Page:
Cutting it short, these sessions do finally prove that, with proper planning and effort, Badfinger could have easily landed themselves a fine, respectable live album that could hold its own next to all the biggies of the era. Could, but did not. In order to truly qualify, these BBC sessions should have (a) belonged to a single, coherent show (because, what, two versions of ʽSuitcaseʼ? Ple­ase!); (b) cut down on the jamming (the six fast minutes of ʽOnly You Know And I Knowʼ are perfectly enough, completely lay out all the instrumental techniques of all the band members and do not require to be further supported by the nine slower minutes of ʽFeelin' Alrightʼ); (c) included a few of the hits — not ʽDay After Dayʼ, perhaps, which never worked well live, but why not ʽNo Mat­ter Whatʼ?; (d) been recorded, or preserved, in better quality. Satisfy all these conditions, and you get yourself a platter worthy of a... well, of a T. Rex or a David Bowie live album, at the very least (we won't be pushing things too far here).

So it's a damn appropriate way to finish up the section — show just one more thing that Badfin­ger could have been, yet never became. In the end, their legacy for the wide crowds consists of Mariah Carey's version of ʽWithout Youʼ (and she actually learnt the song from Harry Nilsson and pro­bably does not know the real authors herself up to this day), and their legacy for the nar­row crowds mainly consists of three old power pop hits (ʽNo Matter Whatʼ / ʽBaby Blueʼ / ʽDay After Dayʼ) plus, maybe, ʽCome And Get Itʼ (a Top Of The Pops version of which is, by the way, included on this BBC disc as a small bonus to fill up empty CD space). Is this explainable? Yes. Understandable? By all means. Justified? No way. If you haven't already done it, go buy a Bad­finger CD. Do good by Petera Ham, who did not even get to see her dad.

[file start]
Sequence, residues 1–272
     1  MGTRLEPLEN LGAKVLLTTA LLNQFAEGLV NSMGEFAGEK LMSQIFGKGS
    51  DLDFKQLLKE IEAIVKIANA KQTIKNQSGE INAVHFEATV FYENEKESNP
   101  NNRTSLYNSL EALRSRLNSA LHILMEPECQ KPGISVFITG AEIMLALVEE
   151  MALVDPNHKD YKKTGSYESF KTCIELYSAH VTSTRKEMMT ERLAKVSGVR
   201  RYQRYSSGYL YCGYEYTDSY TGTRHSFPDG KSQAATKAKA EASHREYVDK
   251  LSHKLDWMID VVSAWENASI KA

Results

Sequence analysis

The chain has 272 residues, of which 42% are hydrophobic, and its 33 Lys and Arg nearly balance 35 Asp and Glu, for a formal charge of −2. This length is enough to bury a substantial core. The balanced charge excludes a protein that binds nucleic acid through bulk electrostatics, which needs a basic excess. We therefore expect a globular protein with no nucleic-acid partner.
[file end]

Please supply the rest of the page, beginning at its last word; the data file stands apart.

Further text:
Check "BBC In Concert 1972-1973" (CD) on Amazon


  1. "as distinguished from ..."
    You do realize that your usage of the terms hardrock and heavy metal is quite anachronistic, do you? Being from 1963 I can witness that until the late 70's the two were synonymous. That makes quite some sense - as only four bands (five if you count Grand Funk Railroad; that band wasn't big in western Europe) had hit the market in a big way there was no need to separate the two. So nobody did.
    Distinguishing hardrock from heavy metal only became meaningful because of Judas Priest and Iron Maiden.

    As I wrote before I quite like the vocal part (the first two minutes) of Suitcase, with its fine introductory riff and its mean slide guitar.
    Better Days perfectly makes clear why this band never had a serious chance. Now matter how hard they tried, they remained a bunch of pussies compared to their competitors.
    That oabviously should nobody prevent from enjoying their output nowadays.

  2. Could Badfinger have wised up and gone the glitter pop route? After all, they were on the same level instrumentally as Sweet and Slade. Perhaps cobbling together some football chants and putting on some Alvin Stardust clothes might have turned things around for them. It's not as though they'd be selling out or dumbing down - after all, this is Badfinger we're talking about, not the Who.